4:48 Psychosis

4:48 Psychosis

Interview w/ Danielle Adessky

Note: 4:48 Psychosis and the following interview discuss mental illness, the medical treatment of depression, self-harm, and suicide.

Danielle Adessky is directing the KTS’s current production of 4:48 Psychosis. She shared some of her thoughts about the production with us.

[on the play’s history and its relation to the playwright]

4.48 Psychosis was written by British playwright Sarah Kane and first performed in 2000. Kane herself died in 1999, and as most people who have looked up the play probably know, it is considered an autobiographical suicide note of sorts. This is not explicitly clear through the actual text, but it’s a hard narrative to avoid. In the case of this production, the protagonist is not Sarah Kane; she is just a woman.

[on what drew her to the script and why it’s an important treatment of the subject of depression]

I was initially attracted to the script because of its shapelessness. The other two productions I directed for the KTS [Betrayal and Venus in Fur] were very straightforward and traditional plays, and I wanted to challenge myself and explore the possibilities of having more control. Once I got through the play, however, the content became the most important feature for me. The play is a devastatingly raw and intimate portrayal of depression, and in itself is an important treatment of the illness because it shows how unforgiving it can be. The protagonist is a smart woman and is well aware of what is happening to her, but is powerless to stop her spiral even when she tries to do the right things. The play speaks to the necessity of support for people in the protagonist’s situation. Just being an audience member is not enough.

Having said that, I think the content of the play is almost too unforgiving, and I thought it was really important to try and depict the protagonist exhibiting an external happiness as much as possible. Even people who seem happy to us often have much more going on inside them.

[on how she approached directing an abstract play with very few stage directions]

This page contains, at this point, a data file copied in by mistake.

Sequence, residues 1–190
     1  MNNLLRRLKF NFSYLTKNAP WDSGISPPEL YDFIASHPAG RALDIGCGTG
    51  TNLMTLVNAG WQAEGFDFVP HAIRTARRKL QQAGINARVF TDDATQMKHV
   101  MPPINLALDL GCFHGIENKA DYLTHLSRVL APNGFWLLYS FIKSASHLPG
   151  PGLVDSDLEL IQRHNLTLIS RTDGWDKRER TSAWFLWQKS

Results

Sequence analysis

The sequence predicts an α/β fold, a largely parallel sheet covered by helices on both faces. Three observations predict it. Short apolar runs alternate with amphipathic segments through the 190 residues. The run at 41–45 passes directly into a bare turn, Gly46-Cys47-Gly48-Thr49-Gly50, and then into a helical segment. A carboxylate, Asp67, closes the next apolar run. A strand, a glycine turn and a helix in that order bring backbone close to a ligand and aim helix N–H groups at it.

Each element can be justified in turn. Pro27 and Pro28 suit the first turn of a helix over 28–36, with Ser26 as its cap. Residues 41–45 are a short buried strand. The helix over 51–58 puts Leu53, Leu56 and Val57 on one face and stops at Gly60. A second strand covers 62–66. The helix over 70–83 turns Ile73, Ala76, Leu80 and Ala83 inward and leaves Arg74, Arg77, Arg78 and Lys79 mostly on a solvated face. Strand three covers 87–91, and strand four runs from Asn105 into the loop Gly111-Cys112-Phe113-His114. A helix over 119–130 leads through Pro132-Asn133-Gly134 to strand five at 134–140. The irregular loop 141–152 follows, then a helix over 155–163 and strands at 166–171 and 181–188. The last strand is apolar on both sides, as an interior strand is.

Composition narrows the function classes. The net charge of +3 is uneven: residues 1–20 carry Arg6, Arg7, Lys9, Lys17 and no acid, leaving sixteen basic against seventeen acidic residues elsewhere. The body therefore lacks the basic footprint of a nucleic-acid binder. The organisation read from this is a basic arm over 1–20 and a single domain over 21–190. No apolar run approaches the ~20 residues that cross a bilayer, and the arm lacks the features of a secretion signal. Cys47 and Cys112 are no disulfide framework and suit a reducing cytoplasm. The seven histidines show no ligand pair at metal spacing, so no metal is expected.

Kane doesn’t leave you totally out to dry: there are plenty of scene breaks and occasional dialogue signifiers. But yeah, for the most part it’s poetry. It took me a very long time to go through the play and break the lines up for the different parts. Originally, I just sectioned off chunks that I knew I wanted said by the protagonist, her subconscious voices, and the boyfriend. Then, after the auditions, I had to go and break these up even more minutely line by line. The voices were the hardest part.

[on the collaborative process of creating envisioned characters]

I knew from the start that I wanted to incorporate the internal struggle the protagonist was going through as my major theme, rather than depicting it from an outsider’s perspective. This also included having subconscious voices interact with the protagonist. That was the foundation of my vision before auditions, but I knew this was going to need to be a collaborative effort, and I was extremely happy to be able to cast brilliant and talented actors and actresses for the roles. During the rehearsal process, my cast, in particular the 4 voices, really explored and came to an understanding both as a unit and individually, of what the identity and “voice” of the voices would be. This production was hugely reliant on the talent and work of every single member of the team.

[on directing Kari Ireland in a KTS production for the second time]

Kari is a great actress and she is awesome as our protagonist. She’s a very self-driven actress, and is totally willing to explore and experiment with her character without my direction, which is something I really appreciate. I think we work quite well together. Working with her on this production is much different than working with her on Venus in Fur, because the material is night and day. Our rehearsals for Venus were very lighthearted because Vanda came so easily to her. This season, rehearsal with her was much more thoughtful, experimental and difficult, as I think this character was much more of a challenge to her. I think she would agree with that.

[on imagining the set]

With a dense, heavy play like this, I think it’s important to use production elements like set, sound, and lighting to help convey messages to the audience. The set in particular was very important to me. I wanted the play to have an isolated feeling to the audience because it mirrors what’s going on in the protagonist’s mind. It gives the audience the same feeling as claustrophobia. I wanted the set to be white because it’s clean and put-together, which represents how I wanted our protagonist to be understood externally. The voices, being all in black, represent a disruption to this beautiful and simple external presence. Both the cleanliness and happiness of the set, and the darkness of the voices are claustrophobic to the protagonist, just like everything else.

[on what audience members should keep in mind]

It’s a short play, but it’s very dense and draining. It may not be as entertaining as American Buffalo or as funny as 39 Steps is bound to be, but I think that’s why we’re sandwiched between them. The performances are great, and the material is captivating, but some people will find it very hard to watch. However, as hard as it is to watch, I think that it is important to. I really hope the King’s community will come and enjoy our production and be encouraged to discuss the content of the play openly and respectfully.

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4:48 Psychosis runs Nov 11-14 in The Pit. A panel discussion between Dr. Sarah Clift, Dr. Roberta Barker, Jim Dalling, and Matthew Apostolides will follow Thursday evening’s performance. They will discuss the play and the relationship between mental health and art.